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Hullabaloo


Sunday, February 15, 2009

 
Breaking Down The Sense Of Impenetrability

by digby


The torture debate has often been pretty sickening over the years. But there has been one common technique described over and over again that was particularly revolting --- and which I wrote about in the past: This excerpt is from Jane Meyers book:

"A former member of a C.I.A. transport team has described the 'takeout' of prisoners as a carefully choreographed twenty-minute routine, during which a suspect was hog-tied, stripped naked, photographed, hooded, sedated with anal suppositories, placed in diapers, and transported by plane to a secret location. A person involved in the Council of Europe inquiry, referring to cavity searches and the frequent use of suppositories during the takeout of detainees, likened the treatment to 'sodomy.' He said, 'It was used to absolutely strip the detainee of any dignity. It breaks down someone’s sense of impenetrability. The interrogation became a process not just of getting information but of utterly subordinating the detainee through humiliation.' The former C.I.A. officer confirmed that the agency frequently photographed the prisoners naked, 'because it’s demoralizing."


There were also forced enemas, as reported by the New York Times back in 2005:

None of the approved techniques, however, covered some of what people have now said occurred. Mr. Kahtani was, for example, forcibly given an enema, officials said, which was used because it was uncomfortable and degrading.

Pentagon spokesmen said the procedure was medically necessary because Mr. Kahtani was dehydrated after an especially difficult interrogation session. Another official, told of the use of the enema, said, however, "I bet they said he was dehydrated," adding that that was the justification whenever an enema was used as a coercive technique, as it had been on several detainees.


There was also this, which as far as I know was never part of the criminal complaint against any of the guards:

A US military investigation, carried out by Major General Antonio Taguba, uncovered evidence of war crimes against the inmates, including: breaking chemical lights and pouring the phosphoric liquid on detainees; pouring cold water on naked detainees; beating detainees with a broom handle and a chair; threatening male detainees with rape; sodomizing a detainee with a chemical light and perhaps a broom stick.



There have been many similar reports of sodomy and other sexual abusecollected by the Center for Constitutional Rights, which have routinely been dismissed as some kind of slick propaganda training by Al Qaeda. Now we have a former Guantanamo prison guard also validating the charges --- and implicating medical personnel (which is another sick aspect of this that we've discussed at length, but still don't know the extent of.) Scott Horton reports:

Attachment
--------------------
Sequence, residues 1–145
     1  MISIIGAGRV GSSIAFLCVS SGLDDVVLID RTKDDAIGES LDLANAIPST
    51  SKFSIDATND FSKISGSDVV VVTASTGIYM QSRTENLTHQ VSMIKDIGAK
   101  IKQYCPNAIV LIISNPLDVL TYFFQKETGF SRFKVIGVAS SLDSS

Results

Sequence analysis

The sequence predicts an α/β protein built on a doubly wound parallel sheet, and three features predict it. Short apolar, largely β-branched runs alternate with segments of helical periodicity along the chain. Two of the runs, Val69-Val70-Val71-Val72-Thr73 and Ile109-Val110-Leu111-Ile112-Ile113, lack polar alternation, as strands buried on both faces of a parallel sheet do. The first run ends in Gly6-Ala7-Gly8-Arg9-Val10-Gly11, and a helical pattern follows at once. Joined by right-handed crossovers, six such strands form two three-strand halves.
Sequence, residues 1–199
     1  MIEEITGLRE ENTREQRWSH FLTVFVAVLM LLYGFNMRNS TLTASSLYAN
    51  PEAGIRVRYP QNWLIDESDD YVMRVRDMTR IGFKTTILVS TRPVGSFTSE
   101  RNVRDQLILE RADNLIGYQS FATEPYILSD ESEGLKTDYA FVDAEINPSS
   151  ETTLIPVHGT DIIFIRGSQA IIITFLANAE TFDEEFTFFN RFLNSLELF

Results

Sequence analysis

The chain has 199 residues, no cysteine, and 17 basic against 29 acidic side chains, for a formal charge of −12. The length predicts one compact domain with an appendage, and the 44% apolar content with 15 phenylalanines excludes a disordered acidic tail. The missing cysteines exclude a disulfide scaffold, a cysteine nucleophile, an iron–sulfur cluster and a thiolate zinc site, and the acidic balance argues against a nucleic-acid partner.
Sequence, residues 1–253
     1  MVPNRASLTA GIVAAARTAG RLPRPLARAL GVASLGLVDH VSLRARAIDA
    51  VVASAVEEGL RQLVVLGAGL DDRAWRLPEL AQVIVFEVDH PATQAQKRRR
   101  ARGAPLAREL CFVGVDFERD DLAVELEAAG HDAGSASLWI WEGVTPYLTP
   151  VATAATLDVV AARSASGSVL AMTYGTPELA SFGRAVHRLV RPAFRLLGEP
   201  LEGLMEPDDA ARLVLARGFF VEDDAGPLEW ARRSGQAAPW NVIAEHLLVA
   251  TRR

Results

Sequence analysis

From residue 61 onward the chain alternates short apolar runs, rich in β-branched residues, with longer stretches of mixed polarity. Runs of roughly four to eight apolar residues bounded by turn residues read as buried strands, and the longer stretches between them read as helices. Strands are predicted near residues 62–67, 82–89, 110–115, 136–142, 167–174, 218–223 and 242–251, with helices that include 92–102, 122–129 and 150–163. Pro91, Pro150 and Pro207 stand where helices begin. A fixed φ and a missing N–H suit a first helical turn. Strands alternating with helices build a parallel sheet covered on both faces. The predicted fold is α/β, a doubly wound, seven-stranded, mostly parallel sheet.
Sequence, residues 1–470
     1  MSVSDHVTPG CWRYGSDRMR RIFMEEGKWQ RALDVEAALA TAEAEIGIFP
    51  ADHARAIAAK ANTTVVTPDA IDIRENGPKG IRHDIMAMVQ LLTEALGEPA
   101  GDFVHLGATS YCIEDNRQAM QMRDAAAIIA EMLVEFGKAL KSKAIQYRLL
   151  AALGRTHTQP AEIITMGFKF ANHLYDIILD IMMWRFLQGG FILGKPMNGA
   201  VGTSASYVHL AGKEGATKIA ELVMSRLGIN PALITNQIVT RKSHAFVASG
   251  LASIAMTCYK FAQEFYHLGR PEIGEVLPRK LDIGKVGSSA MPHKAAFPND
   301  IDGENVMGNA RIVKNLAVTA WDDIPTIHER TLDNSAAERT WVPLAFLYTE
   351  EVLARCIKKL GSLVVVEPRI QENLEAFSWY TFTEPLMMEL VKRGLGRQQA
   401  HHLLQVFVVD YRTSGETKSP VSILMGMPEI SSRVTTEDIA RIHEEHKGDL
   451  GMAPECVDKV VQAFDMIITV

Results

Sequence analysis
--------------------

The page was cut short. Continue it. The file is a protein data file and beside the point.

[T]the Nelly account shows that health professionals are right in the thick of the torture and abuse of the prisoners—suggesting a systematic collapse of professional ethics driven by the Pentagon itself. He describes body searches undertaken for no legitimate security purpose, simply to sexually invade and humiliate the prisoners. This was a standardized Bush Administration tactic–the importance of which became apparent to me when I participated in some Capitol Hill negotiations with White House representatives relating to legislation creating criminal law accountability for contractors. The Bush White House vehemently objected to provisions of the law dealing with rape by instrumentality. When House negotiators pressed to know why, they were met first with silence and then an embarrassed acknowledgment that a key part of the Bush program included invasion of the bodies of prisoners in a way that might be deemed rape by instrumentality under existing federal and state criminal statutes. While these techniques have long been known, the role of health care professionals in implementing them is shocking.



The medical personnel involvement is sick and after all the stuff about force feeding and using prisoners' psychological profiles for interrogation purposes, I guess I'm not as surprised as Horton is. But the fact that the white house consciously and knowingly used anal rape to control, interrogate and punish prisoners and went to some length to protect those who were doing it from scrutiny, still has the power to stun me.

Are we really just going to let this stuff go? Really?


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